It is observable that the power of exclusive legislation (which is jurisdiction) is united with cession of territory, which is to be the free act of the states. It is difficult to compare the two sections together, without feeling a conviction, not to be strengthened by any commentary on them, that, in describing the judicial power, the framers of our Constitution had not in view any cession of territory, or, which is essentially the same, of general jurisdiction.
It is not questioned that whatever may be necessary to the full and unlimited exercise of admiralty
and maritime jurisdiction is in the government of the union. Congress may pass all laws which are necessary and proper for giving the most complete effect to this power. Still, the general jurisdiction over the place, subject to this grant of power, adheres to the territory as a portion of sovereignty not yet given away. The residuary powers of legislation are still in Massachusetts. Suppose for example the power of regulating trade had not been given to the general government. Would this extension of the judicial power to all cases of admiralty and maritime jurisdiction, have divested Massachusetts of the power to regulate the trade of her bay? As the powers of the respective governments now stand, if two citizens of Massachusetts step into shallow water when the tide flows, and fight a duel, are they not within the jurisdiction, and punishable by the laws of Massachusetts? If these questions must be answered in the affirmative, and we believe they must, then the bay in which this murder was committed, is not out of the jurisdiction of a state, and the Circuit Court of Massachusetts is not authorized, by the section under consideration, to take cognizance of the murder which had been committed.
It may be deemed within the scope of the question certified to this Court to inquire whether any other part of the act has given cognizance of this murder to the Circuit Court of Massachusetts.
The third section enacts
"That if any person or persons shall, within any fort, arsenal, dockyard, magazine, or in any other place, or district of country, under the sole and exclusive jurisdiction of the
United States, commit the crime of willful murder, such person or persons, on being thereof convicted, shall suffer death."
Although the bay on which this murder was committed might not be out of the jurisdiction of Massachusetts, the ship of war on the deck of which it was committed is, it has been said, "a place within the sole and exclusive jurisdiction of the United States," whose courts may consequently take cognizance of the offense.
That a government which possesses the broad power of war, which "may provide and maintain a navy," which "may make rules for the government and regulation of the land and navel forces," has power to punish an offense committed by a marine on board a ship of war, wherever that ship may lie, is a proposition never to be questioned in this Court. On this section, as on the 8th, the inquiry respects not the extent of the power of Congress, but the extent to which that power has been exercised.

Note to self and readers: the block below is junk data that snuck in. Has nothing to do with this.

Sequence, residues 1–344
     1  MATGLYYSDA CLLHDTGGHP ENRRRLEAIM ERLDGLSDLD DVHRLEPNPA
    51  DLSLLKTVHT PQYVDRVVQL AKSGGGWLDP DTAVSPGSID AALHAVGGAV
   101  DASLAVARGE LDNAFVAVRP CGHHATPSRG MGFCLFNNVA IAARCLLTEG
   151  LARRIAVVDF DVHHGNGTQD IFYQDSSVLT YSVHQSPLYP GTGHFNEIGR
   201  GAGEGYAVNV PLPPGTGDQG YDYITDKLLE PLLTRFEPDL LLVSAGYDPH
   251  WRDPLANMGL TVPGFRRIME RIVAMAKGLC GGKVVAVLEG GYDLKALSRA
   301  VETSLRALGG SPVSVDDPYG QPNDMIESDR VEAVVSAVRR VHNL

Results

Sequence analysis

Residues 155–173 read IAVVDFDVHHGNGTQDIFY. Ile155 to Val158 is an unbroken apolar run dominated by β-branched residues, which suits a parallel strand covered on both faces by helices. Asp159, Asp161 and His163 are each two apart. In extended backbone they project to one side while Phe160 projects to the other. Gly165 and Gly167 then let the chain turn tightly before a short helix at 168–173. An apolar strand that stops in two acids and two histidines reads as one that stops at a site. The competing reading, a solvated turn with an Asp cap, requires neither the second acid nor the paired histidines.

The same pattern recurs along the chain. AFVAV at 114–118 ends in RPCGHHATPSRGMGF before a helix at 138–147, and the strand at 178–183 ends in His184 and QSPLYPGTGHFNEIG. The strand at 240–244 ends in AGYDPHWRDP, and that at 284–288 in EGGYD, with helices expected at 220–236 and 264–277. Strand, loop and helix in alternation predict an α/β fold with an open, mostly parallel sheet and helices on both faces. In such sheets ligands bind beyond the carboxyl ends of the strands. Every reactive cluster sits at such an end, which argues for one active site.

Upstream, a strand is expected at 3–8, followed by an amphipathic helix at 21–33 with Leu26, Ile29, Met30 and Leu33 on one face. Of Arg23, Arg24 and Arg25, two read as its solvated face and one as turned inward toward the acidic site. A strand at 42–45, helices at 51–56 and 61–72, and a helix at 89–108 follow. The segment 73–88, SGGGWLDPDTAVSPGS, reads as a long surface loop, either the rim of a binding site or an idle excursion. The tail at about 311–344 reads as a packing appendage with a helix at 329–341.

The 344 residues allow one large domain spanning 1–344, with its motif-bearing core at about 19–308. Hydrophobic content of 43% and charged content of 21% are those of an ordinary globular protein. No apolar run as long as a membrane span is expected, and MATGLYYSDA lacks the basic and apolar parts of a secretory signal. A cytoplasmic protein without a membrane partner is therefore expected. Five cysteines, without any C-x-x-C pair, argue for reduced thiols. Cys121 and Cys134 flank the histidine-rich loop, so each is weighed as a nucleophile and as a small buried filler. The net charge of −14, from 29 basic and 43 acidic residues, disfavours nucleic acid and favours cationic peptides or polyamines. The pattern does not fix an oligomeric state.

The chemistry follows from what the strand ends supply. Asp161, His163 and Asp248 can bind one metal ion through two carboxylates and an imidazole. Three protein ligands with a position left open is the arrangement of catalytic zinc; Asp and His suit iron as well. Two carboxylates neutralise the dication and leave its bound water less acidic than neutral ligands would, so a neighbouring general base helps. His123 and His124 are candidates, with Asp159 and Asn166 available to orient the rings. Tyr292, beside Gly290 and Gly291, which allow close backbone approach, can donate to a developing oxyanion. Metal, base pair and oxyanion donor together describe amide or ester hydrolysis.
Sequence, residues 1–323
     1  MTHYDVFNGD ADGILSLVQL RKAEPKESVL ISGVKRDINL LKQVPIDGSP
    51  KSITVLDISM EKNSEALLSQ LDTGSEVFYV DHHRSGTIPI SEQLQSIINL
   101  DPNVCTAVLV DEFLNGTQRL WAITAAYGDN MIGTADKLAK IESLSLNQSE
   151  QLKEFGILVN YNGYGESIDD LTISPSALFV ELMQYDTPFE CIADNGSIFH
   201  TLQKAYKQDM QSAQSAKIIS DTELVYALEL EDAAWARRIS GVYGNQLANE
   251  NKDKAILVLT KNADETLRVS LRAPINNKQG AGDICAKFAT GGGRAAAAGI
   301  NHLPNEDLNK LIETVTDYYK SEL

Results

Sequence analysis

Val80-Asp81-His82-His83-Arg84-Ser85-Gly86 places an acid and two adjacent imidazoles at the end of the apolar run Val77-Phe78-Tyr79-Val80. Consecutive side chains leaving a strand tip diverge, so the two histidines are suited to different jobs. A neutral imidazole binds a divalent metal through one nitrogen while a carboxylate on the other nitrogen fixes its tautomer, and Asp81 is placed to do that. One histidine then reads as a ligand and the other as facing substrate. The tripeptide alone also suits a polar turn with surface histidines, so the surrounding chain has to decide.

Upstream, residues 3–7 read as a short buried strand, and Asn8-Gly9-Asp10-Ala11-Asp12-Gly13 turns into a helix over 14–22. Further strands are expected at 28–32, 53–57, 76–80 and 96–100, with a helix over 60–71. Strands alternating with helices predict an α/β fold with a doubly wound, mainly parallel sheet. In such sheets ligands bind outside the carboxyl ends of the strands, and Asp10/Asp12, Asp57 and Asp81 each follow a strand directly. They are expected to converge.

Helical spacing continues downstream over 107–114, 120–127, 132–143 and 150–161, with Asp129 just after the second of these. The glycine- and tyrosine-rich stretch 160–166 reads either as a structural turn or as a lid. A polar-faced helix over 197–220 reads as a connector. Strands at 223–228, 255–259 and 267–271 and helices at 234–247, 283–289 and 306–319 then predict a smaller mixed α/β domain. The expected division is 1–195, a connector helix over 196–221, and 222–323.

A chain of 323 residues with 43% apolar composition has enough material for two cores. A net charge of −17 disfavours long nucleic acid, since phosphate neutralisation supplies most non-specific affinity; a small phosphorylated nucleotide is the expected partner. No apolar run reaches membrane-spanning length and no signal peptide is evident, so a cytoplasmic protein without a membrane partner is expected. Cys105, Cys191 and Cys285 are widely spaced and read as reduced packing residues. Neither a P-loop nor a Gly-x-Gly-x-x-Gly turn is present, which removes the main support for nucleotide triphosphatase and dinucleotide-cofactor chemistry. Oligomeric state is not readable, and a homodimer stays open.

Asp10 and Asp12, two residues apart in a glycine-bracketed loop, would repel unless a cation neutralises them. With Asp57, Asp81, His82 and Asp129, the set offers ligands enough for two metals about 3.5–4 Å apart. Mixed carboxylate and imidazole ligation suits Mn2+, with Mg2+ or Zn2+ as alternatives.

The objects with which the word "place" is associated are all, in their nature, fixed and territorial. A fort, an arsenal, a dockyard, a magazine, are all of this character. When the sentence proceeds with the words, "or in any other place or district of country under the sole and exclusive jurisdiction of the United States," the construction seems irresistible that, by the words "other place" was intended another place of a similar character with those previously enumerated, and with that which follows. Congress might have omitted in its enumeration some similar place within its exclusive jurisdiction
which was not comprehended by any of the terms employed to which some other name might be given, and therefore the words "other place" or "district of country" were added, but the context shows the mind of the legislature to have been fixed on territorial objects of a similar character.
This construction is strengthened by the fact that at the time of passing this law, the United States did not possess a single ship of war. It may therefore be reasonably supposed that a provision for the punishment of crimes in the navy might be postponed until some provision for a navy should be made. While taking this view of the subject, it is not entirely unworthy of remark that afterwards, when a navy was created, and Congress did not proceed to make rules for its regulation and government, no jurisdiction is given to the courts of the United States, of any crime committed in a ship of war, wherever it may be stationed. Upon these reasons the court is of opinion that a murder committed on board a ship of war, lying within the harbor of Boston, is not cognizable in the Circuit Court for the District of Massachusetts; which opinion is to be certified to that court.
The opinion of the Court on this point is believed to render it unnecessary co decide the question respecting the jurisdiction of the state court in the case.